Reality check voor de kwantitatieve Nederlandse taalkunde: laveren tussen de Scylla van het conservatisme en de Charybdis van de zelfgenoegzaamheid | Amsterdam University Press Journals Online
Volume 135 Number 4
  • ISSN: 0040-7550
  • E-ISSN: 2212-0521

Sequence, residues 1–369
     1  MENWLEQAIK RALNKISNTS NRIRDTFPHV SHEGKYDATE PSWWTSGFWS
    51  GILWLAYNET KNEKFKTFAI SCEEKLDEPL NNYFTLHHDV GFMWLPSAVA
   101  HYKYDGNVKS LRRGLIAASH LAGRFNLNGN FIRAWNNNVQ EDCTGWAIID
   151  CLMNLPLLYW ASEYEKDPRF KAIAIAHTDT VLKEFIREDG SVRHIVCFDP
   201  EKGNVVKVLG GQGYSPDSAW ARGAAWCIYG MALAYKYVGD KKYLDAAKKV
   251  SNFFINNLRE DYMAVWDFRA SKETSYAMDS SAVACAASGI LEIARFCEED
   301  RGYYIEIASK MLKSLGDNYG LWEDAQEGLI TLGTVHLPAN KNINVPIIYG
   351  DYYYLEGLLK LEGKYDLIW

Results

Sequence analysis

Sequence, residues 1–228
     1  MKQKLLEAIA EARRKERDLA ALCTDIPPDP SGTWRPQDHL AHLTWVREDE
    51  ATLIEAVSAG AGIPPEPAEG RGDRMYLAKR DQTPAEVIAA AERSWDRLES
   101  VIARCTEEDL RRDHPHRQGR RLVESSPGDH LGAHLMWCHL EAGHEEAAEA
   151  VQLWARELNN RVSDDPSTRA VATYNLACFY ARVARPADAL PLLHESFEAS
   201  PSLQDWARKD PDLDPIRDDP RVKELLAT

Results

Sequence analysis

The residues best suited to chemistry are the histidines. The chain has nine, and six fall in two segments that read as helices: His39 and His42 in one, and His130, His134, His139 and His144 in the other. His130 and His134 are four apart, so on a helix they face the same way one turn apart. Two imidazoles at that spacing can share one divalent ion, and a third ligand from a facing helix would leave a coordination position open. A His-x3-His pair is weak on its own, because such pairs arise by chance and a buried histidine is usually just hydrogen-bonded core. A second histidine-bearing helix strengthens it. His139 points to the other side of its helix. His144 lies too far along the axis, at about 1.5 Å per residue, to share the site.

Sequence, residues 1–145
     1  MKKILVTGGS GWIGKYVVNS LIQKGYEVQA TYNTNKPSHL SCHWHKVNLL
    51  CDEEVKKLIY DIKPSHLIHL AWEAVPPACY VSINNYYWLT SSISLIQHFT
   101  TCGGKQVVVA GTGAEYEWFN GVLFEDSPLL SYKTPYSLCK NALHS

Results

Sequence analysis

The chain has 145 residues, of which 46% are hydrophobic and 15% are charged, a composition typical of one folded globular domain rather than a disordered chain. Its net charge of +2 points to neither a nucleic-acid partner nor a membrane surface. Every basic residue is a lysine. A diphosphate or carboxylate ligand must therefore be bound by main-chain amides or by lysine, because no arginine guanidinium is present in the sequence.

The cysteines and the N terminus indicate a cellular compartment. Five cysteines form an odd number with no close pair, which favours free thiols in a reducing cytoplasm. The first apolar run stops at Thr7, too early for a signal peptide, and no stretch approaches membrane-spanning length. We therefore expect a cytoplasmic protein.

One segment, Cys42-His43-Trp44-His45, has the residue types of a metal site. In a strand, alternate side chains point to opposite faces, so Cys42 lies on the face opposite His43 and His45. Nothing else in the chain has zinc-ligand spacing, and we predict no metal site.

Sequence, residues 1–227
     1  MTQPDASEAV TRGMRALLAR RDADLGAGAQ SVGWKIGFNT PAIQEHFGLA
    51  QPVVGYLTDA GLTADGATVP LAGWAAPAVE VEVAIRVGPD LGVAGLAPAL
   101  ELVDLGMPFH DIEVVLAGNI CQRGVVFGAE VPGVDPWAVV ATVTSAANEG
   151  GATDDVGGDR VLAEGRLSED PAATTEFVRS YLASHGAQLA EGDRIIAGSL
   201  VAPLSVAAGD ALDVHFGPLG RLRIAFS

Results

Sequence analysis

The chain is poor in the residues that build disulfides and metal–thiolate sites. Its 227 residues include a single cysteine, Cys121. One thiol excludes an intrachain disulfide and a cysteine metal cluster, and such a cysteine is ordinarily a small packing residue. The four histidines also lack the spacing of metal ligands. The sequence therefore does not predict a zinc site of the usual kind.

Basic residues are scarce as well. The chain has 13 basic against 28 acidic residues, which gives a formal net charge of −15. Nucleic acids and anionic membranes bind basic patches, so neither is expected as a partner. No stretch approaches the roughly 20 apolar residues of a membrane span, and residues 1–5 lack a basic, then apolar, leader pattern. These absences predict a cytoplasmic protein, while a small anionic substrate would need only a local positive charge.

In this article, we assess the merits of Digital Humanities, and argue that this approach has advanced the field of Dutch linguistics considerably, but at the same time holds some dangers and misconceptions, like (i) the assumption that the new-fangled studies clash with older, more traditional research, (ii) a conceited but unwarranted disdain for current-day non-quantitative work, (iii) the idea that the early adoption of quantitative methods in linguistics created an unbridgeable gap with its neighbouring discipline, the literary studies, and (iv) the risk of the dialectics of lead. We then detect the weak spot of the Digital Humanities approach in linguistics. Though we acknowledge that great strides are currently being made and that earlier research grappled with the issue as well, what turns out to be frustratingly elusive is the whole field of ‘semantics’, especially given the insights from cognitive linguistics about its complicated nature, including encyclopaedic and contextual knowledge. The aporia of semantics is coped with differently in linguistics and literature. While linguistics has sought a rapprochement with the exact sciences, it steered clear from interpretation as much as possible. The field of literary studies, by contrast, remains loyal to its original ‘humanities’ mission, but is now no longer exclusively – or primarily – driven by critically interpreting the meaning of texts as such. Instead, its focus has shifted to offering a critical investigation of the field itself, and of society at large. Both approaches are in danger of derailing: the ‘semanticophobia’ of some linguists dismisses a real and fascinating part of language from its purview; the ‘critical discourse’ approach of some literary colleagues runs the risk of ignoring some useful text-based techniques for empirical research. The main task of Digital Humanities, in both fields, will be to navigate between these pitfalls.


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